There was more to my trip to Bulgaria than Buzludzha of course. There was, well, Bulgaria.
Sofia was an assault on the senses upon arrival. My trusty guidebook told me there was a minibus straight to the center from the airport terminal. There wasn’t. The trusty guidebook failed its first test and wasn’t trusted no more. No nay never no more.
The regular bus which only goes half way took off once I decided to get it – it had been sitting there with its door closed for ten minutes before – so I wandered down the road in search of another. I passed a million taxi drivers on the way, ignored them all. Taxi drivers are as bad as bankers or politicians – they’ll shaft you every time.
After half an hour of wandrin’, another bus passed me by. Bollocks. I decided it was probably best to wait at a bus stop for the next one. After all, I had no idea where I was going.
The bus was crowded when it arrived and crowdeder once I squeezed on. The smells onboard were authentic, rural, rustic, pungent. I had someone’s foot in my face and I could still get the other smells.
Oul’ grannies nattered away among themselves in what I can only presume was Bulgarian. Three French girls also got on. I know this because they were speaking French. I almost felt we were related, so alien was everything else around me.
The writing is the killer in Bulgaria. Everything’s in Cyrillic so it’s next to impossible to decipher anything. Once the bus stopped I asked one of the French girls where the metro stop was. She pointed me in the right direction.
Then I’d to try figure out which stop was the center. I made an educated guess before getting out at Сердика and spending hours wandering around looking for my hostel, eventually finding it on Дондуков. The guidebook was no help, with all its maps and addresses in another script…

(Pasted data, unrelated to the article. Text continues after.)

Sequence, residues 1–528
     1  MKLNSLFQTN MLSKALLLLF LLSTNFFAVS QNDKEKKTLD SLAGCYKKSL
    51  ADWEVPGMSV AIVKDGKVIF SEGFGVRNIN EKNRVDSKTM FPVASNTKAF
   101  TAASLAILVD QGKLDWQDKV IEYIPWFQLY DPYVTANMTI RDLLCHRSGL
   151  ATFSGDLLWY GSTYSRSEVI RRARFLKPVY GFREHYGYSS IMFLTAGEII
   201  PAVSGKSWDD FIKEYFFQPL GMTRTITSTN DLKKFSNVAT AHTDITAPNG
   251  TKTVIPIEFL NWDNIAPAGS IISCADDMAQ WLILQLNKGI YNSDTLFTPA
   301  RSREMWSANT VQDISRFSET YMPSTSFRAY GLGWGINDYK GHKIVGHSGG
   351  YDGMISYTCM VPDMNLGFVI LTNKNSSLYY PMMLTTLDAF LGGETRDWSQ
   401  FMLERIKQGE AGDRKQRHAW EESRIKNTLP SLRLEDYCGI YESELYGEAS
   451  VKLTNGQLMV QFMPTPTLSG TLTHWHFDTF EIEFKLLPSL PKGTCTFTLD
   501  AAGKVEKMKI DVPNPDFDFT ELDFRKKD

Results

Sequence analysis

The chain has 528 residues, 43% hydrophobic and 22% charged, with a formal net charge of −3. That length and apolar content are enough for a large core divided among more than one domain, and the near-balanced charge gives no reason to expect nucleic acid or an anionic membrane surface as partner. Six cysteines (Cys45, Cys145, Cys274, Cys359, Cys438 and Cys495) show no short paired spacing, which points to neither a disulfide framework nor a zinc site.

Not much could be garnered from the little bit of Sofia I saw, but it seemed interesting enough. There were plenty of grand fuckoff buildings in the center, heralding a time of former glory, or attempting to at least…
There was either loads of money on show or none at all – nothing in between the very poor and the blatantly rich. Flashy cars, swanky bars and tacky nightclubs attested to the latter. Definitely a case of more money than taste.
Otherwise the smell of poverty pervades the streets and especially the buses. Buildings are worn down, crumbling, battered looking – authentic.
Apparently there are loads of stray dogs in the city, wandering around in packs and attacking people from time to time. (According to the guidebook, so perhaps this should be taken with a grain of salt.) I only saw one dog and he looked like he knew exactly where he was going. Very determined. He didn’t stop.
The Alexander Nevsky Cathedral was quite impressive but I didn’t have time for proper sightseeing. I was on a mission!
The mission went well, as I’ve written already. Shipka, my base, was very nice. There’s nothing going on in it. I went out for a stroll on my first night and promptly found an abandoned theater and an abandoned house. There were loads of other abandoned buildings around too, as I was to find out subsequently.
I was the only guest in the hotel for two of the three nights so I felt guilty eating alone in the restaurant, keeping the woman from having the nights off for herself. They told me to have breakfast “as late as possible.” The wine was lovely.
But the countryside is the thing. The mountains are great, unspoilt, wild, home to loads of wildlife which may or may not include bears and wolves. Apparently they were in “other mountains” but Ivan told me of one fella in the village who said he was attacked by wolves and had the scars across his body to prove it. Nobody believed him because he drank so much, but from what I could tell they ALL drink so much, so it’s hard to know who to believe or not.
Shipka’s main attraction is the picturesque Russian church (unless you count the abandoned theater). It has great golden onions on the roof, and can be seen for miles around. In fact, it was the sight of the onions on my way back from Buzludzha through the forest that finally let me know that I was on the right track.
I decided to go to Veliko Tarnovo from Shipka. Time hasn’t been kind to the former capital though. It’s in a great natural setting on a rocky outcrop by the river, but now it’s just a town of souvenir shops and real estate agents flogging property to foreigners who don’t know what to do with their money. There were nearly as many property speculators as tourist shops, all advertising their offers in English.
I should have skipped Veliko Tarnovo and stayed in Shipka another day instead. Shipka was great. When I came out the abandoned theater, an old woman walked by on the road with a herd of seven goats. That’s Bulgaria.